Camptothecin delivery systems: enhanced efficacy and tumor accumulation of camptothecin following its conjugation to polyethylene glycol via a glycine linker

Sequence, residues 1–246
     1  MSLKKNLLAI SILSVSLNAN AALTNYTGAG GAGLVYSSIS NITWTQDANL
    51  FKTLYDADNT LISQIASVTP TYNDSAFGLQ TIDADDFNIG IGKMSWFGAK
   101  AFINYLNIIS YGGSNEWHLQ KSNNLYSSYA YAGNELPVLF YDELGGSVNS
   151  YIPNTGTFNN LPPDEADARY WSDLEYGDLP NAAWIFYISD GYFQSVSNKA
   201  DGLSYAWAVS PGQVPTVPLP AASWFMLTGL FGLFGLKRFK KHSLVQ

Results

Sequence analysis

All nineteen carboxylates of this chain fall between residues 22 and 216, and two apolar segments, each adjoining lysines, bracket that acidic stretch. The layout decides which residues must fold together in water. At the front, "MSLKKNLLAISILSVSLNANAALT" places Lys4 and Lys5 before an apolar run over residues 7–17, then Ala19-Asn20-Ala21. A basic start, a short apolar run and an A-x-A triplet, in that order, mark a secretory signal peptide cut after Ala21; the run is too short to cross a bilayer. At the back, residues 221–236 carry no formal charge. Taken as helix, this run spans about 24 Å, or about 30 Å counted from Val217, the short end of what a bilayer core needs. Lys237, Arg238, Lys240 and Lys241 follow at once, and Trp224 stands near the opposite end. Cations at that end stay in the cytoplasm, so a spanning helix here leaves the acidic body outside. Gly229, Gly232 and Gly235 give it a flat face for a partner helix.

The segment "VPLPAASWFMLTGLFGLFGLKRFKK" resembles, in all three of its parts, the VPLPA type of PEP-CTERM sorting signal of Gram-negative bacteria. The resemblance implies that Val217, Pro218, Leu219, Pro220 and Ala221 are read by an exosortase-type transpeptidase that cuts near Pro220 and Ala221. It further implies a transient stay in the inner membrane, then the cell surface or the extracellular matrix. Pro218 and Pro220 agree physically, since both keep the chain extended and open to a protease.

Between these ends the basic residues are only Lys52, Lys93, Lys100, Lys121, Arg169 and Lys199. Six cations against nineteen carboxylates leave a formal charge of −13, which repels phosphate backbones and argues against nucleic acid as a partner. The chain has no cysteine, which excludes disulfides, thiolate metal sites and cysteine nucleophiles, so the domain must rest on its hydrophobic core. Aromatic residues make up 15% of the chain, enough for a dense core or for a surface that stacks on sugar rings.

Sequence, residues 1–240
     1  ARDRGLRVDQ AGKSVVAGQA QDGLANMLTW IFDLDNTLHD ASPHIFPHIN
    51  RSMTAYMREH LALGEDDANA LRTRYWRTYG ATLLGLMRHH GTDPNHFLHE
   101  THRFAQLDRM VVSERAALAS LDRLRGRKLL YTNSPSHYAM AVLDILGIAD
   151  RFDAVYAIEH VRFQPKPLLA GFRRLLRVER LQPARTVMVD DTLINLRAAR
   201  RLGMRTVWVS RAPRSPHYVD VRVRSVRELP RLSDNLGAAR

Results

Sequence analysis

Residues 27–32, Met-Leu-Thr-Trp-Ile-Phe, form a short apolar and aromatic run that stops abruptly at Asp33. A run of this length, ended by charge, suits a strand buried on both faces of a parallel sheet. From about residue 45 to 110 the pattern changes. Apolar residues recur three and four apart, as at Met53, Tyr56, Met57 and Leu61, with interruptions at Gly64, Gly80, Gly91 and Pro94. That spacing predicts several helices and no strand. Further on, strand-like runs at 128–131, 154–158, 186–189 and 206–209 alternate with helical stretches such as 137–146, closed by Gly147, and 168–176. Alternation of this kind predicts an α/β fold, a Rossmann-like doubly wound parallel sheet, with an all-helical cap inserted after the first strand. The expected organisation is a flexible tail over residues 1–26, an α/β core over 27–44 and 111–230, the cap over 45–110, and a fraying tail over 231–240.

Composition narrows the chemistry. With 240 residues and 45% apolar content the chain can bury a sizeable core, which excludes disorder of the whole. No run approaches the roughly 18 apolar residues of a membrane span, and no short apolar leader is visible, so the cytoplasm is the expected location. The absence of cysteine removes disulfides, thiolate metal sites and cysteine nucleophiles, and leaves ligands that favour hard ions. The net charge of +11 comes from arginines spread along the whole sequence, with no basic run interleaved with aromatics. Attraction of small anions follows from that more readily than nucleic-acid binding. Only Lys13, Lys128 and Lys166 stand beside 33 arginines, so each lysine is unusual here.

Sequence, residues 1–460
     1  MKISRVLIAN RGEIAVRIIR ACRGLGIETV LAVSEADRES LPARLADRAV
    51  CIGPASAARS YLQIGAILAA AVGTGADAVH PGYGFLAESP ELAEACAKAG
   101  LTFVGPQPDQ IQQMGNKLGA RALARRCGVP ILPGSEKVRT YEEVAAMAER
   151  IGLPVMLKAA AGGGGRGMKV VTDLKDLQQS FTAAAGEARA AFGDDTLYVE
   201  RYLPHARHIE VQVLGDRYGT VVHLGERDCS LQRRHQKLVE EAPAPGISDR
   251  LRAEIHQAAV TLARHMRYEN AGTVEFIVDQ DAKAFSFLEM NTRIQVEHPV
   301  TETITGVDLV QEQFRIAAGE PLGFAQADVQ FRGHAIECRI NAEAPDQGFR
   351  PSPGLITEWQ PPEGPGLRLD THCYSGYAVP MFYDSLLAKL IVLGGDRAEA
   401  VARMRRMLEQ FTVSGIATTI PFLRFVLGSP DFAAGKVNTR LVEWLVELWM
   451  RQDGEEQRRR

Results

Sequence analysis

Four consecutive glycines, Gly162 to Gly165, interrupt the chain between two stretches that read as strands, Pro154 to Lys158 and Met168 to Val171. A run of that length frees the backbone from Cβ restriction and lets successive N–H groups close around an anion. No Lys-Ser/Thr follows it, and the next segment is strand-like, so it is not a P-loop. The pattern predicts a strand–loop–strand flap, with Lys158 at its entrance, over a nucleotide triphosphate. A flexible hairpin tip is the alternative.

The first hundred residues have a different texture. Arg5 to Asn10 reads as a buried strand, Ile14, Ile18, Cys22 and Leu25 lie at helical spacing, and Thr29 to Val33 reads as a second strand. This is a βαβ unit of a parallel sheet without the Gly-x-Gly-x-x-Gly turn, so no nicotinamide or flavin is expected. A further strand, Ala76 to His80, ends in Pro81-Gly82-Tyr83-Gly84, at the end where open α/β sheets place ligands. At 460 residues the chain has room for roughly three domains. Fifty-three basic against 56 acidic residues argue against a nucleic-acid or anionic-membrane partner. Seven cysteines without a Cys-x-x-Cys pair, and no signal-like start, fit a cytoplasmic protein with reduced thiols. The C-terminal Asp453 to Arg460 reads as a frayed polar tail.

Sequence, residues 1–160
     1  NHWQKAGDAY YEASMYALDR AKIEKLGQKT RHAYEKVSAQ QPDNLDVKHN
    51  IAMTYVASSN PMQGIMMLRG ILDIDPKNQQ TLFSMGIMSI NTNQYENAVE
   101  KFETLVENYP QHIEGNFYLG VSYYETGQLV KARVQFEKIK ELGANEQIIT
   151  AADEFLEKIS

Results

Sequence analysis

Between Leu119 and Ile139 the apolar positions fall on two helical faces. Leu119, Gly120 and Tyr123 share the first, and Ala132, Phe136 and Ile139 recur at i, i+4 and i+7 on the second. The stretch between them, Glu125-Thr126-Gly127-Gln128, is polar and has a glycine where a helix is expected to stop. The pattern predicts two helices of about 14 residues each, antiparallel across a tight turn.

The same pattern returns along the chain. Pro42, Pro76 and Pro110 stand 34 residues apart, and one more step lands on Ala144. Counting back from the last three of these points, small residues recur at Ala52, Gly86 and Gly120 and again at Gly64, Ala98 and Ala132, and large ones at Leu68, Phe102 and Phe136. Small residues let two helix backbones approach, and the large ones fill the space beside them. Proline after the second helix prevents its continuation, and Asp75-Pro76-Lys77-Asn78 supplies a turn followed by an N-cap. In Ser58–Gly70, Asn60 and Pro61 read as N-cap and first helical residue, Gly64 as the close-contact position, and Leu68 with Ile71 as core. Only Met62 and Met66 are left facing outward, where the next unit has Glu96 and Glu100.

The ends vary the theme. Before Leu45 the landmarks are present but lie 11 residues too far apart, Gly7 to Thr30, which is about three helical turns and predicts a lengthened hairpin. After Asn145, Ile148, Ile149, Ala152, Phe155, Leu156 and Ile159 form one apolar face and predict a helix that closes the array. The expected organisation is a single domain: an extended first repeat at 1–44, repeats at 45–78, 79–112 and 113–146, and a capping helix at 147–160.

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Purpose: This study was designed to assess the circulatory retention, antitumor activity and tissue biodistribution of polyethylene glycol (PEG)-conjugated camptothecin-20-O-glycinate, PEG-β-camptothecin (PEG-β-CPT). PEG-β-CPT is a novel water-soluble transport form (macromolecular prodrug) of the naturally derived antitumor drug, 20-(S )-camptothecin (CPT). Methods: Circulatory retention studies were performed in nontumor-bearing mice injected intravenously (i.v.) with 875 mg/kg of PEG-β-CPT. Antitumor activity was evaluated both intraperitoneally (i.p.) and i.v. in nude mouse xenograft models. Biodistribution studies were performed in nude mice bearing colorectal carcinoma xenografts with tritium-labelled PEG-β-CPT and CPT injected i.v. Results: PEG-β-CPT had a blood t1/2α of approximately 6 min and a t1/2β of 10.2 h. Significant antitumor activity was seen in all treated xenograft models. Biodistribution studies demonstrated that PEG-β-CPT in saline provided more available labelled CPT in the circulation than unconjugated CPT dissolved in intralipid. In addition, it appeared that more labelled CPT accumulated in solid tumors when delivered in the PEG-β-CPT form, with greater preference for tumor tissue than normal tissue. Conclusion: This soluble transport form of CPT and its underlying technology may have clinical application especially for the treatment of solid tumors.
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